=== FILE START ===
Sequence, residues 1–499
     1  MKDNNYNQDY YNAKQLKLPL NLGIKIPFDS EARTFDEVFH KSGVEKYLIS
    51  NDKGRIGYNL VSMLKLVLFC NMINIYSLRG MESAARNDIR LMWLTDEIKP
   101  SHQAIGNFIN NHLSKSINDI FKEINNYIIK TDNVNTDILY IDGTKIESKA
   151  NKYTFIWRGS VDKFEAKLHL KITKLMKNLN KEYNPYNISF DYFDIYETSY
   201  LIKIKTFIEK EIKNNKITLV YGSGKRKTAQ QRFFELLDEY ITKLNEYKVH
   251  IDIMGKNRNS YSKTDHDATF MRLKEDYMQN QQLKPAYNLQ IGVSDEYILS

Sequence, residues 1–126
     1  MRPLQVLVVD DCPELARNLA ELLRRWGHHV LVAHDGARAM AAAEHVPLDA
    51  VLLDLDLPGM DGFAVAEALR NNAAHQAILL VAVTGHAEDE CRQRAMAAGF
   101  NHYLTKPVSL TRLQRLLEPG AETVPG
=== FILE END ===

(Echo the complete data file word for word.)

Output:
Sequence, residues 1–499
     1  MKDNNYNQDY YNAKQLKLPL NLGIKIPFDS EARTFDEVFH KSGVEKYLIS
    51  NDKGRIGYNL VSMLKLVLFC NMINIYSLRG MESAARNDIR LMWLTDEIKP
   101  SHQAIGNFIN NHLSKSINDI FKEINNYIIK TDNVNTDILY IDGTKIESKA
   151  NKYTFIWRGS VDKFEAKLHL KITKLMKNLN KEYNPYNISF DYFDIYETSY
   201  LIKIKTFIEK EIKNNKITLV YGSGKRKTAQ QRFFELLDEY ITKLNEYKVH
   251  IDIMGKNRNS YSKTDHDATF MRLKEDYMQN QQLKPAYNLQ IGVSDEYILS

Sequence, residues 1–126
     1  MRPLQVLVVD DCPELARNLA ELLRRWGHHV LVAHDGARAM AAAEHVPLDA
    51  VLLDLDLPGM DGFAVAEALR NNAAHQAILL VAVTGHAEDE CRQRAMAAGF
   101  NHYLTKPVSL TRLQRLLEPG AETVPG